Did you know that in many areas it's a lot cheaper to rent a car than it is to own one?

"No question about it," says Morris Belzberg, president of Budget Rent-A-Car Corp., explaining that "owning a car these days can cost several thousand dollars a year."

Indeed, owning a sub-compact, says Belzberg, costs around $2,300 a year (not including the gasoline). You can rent the same car every other weekend (three days) for around $1,200 a year -- a little more than half of what it costs to be an owner. And, you get a new, clean car all the time. No fuss with maintenance and repairs.

The car rental business is moving out from its traditional stand at the airport into downtown and suburban locations. This, says Belzberg, is because of the "rise in the local weekend rental trade." More and more people are catching on to the fact that you can rent a car -- when you need it -- for a lot less than it costs to own one. Working couples are finding ways to commute without the need of a car. They rent what they need on the weekend or even during the week, relying on carpools, buses and an occasional taxi (when available).

Because Belzberg is the president of a car rental company, I thought he might be too biased toward renting instead of owning. So, I checked rental agencies in my area to see if the strategy might pay off.

Some companies have "neighborhood service." They'll come pick you up at your home or office, and they'll drop you off at the end of the weekend.

Others have various "commuter specials." You pick up your car near your place of work after 5 p.m. Friday and bring it back by 9 a.m. Monday (gives you a free commute both ways). This qualifies for a low weekend rate of $40 to $50. Several companies offered an "overnight special" where you pick up the car after 5 or 6 p.m. and bring it back by 8 or 9 a.m. the next day. It costs $8 plus gas (one or two dollars to top off the tank).

Here are some sample weekend prices:

Ford dealer. You get a Mustang for $15 a day with no mileage charge. Regular customers get this low price when they need an extra car.

Some families, the dealer says, rent a car on weekends so they can loan their own car to a son or daughter. It beats buying an extra car.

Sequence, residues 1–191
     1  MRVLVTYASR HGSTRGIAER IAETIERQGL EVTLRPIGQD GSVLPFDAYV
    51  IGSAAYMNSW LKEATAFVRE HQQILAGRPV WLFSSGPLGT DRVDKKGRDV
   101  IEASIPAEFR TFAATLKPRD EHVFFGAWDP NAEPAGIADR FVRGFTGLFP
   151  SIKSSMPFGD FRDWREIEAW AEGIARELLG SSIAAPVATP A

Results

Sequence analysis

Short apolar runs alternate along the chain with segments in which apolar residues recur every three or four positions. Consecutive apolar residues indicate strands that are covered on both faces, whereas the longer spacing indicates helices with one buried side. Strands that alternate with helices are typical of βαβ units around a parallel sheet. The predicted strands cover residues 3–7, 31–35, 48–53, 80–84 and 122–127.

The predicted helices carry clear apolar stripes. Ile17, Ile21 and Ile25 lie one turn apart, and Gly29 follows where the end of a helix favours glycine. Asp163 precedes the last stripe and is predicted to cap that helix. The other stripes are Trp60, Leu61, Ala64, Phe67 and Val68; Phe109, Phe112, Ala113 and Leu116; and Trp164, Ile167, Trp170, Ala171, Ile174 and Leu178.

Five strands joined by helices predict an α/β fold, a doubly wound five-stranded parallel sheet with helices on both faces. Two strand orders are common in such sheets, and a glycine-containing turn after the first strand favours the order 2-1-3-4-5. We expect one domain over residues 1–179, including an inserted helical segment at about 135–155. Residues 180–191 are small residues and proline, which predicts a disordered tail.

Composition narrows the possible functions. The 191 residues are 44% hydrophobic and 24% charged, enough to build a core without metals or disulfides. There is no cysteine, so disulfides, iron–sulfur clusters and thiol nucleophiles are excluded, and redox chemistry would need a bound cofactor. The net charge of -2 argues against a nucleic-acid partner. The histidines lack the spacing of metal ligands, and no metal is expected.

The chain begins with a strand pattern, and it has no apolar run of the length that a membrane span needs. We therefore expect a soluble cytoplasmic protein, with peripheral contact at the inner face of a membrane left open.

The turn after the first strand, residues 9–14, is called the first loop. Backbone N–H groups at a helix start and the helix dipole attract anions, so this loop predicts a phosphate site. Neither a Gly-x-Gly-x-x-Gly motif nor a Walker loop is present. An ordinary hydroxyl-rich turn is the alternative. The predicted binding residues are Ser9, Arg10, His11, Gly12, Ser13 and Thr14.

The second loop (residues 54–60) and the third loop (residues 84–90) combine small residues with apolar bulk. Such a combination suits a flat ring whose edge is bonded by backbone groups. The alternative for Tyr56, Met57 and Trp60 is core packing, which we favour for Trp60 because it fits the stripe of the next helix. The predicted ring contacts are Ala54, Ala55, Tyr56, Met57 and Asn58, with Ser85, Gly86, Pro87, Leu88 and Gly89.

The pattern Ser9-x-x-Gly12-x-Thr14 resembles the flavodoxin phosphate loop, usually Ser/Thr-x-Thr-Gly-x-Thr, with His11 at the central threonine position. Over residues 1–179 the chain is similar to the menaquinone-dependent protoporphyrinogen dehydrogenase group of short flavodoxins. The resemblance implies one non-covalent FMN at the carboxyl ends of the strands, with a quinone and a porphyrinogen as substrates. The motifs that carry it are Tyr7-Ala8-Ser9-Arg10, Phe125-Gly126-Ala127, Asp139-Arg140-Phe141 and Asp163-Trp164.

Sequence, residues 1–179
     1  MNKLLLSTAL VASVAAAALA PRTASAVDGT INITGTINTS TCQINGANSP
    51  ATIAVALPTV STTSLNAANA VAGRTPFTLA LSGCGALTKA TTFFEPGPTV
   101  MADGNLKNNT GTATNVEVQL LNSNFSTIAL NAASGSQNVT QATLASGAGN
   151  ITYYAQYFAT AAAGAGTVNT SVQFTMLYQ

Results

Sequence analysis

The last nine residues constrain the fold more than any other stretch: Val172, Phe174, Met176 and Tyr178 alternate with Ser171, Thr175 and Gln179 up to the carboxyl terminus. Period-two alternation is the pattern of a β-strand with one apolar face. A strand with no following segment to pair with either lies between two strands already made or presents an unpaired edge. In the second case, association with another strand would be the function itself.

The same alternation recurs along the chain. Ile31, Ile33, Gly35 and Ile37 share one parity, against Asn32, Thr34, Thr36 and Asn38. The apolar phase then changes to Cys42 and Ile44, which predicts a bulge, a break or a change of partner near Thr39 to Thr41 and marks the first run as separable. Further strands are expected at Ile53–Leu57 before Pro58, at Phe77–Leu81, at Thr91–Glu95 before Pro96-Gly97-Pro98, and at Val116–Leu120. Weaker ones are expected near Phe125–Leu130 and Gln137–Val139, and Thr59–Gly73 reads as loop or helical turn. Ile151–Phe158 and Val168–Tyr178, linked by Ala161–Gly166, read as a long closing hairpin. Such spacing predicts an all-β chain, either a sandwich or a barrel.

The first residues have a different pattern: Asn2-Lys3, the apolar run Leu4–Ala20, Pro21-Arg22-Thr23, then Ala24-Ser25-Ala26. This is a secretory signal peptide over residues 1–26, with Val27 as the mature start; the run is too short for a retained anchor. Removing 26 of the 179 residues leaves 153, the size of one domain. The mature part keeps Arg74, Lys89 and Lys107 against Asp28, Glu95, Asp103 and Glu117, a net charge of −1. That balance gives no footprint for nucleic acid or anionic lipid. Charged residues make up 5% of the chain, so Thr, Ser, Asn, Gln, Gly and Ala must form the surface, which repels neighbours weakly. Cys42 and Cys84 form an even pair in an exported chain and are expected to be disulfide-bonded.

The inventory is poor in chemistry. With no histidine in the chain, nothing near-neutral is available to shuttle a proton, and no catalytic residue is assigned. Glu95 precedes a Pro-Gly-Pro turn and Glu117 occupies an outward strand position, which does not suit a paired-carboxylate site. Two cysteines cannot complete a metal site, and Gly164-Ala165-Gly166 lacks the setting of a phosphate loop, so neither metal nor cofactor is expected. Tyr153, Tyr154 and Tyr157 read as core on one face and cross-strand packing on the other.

National Car Rental gives you an Opel for $15 a day plus 300 free miles on the weekend. Bigger cars cost $20 a day.

Thrifty offers a two-door Chevette with no air-conditioning for $13.95 a day with 150 free miles (400 for a weekend).

The company will pick you up near your, home or bus stop if it's in the sales area. You also get a free drop-off.

You can use your Sears charge card at Budget. You get a small car for $15 a day Friday through Monday and 500 free miles.

If you have weekend vacation plans that involve a bunch of people, you can rent a large Ford station wagon for $31 day. If each passenger chips in $6 to $8 a day, it covers the rental costs and gasoline.

Figure your own car costs (depreciation, financing, insurance, repairs, maintenance) and see if it might not be less expensive to rent. You might be surprised.

Pretend that you have a small transportation company and let other people worry about all those ownership and operating costs. When you select a car rental agency (from the yellow pages), be sure you're going to be covered with adequate insurance and emergency repair services.

Q. We had to cancel a vacation trip because of a family problem. It took several weeks before we could get our money back from the airline. Shouldn't they refund the money immediately?

A. When you pay by check, the airline had to "process" the refund. When you pay by credit card the "process" takes even longer. If you use a travel agent regularly, you should get your money back right away when a check is involved.

Q. You wrote about the rights of divorced women to receive part of their husbands' Social Security retirement benefits. My Social Security office told me that I can't get the benefits until my former husband actually retires. Is this true?

A. Yes, Social Security funds are retirement benefits, only available when the main beneficiary (your former husband) retires. If he retires at 62, you can start to get your benefits. If he waits until he's 70, you're out of luck. If he dies before he retires, you can start collecting when you are 60. l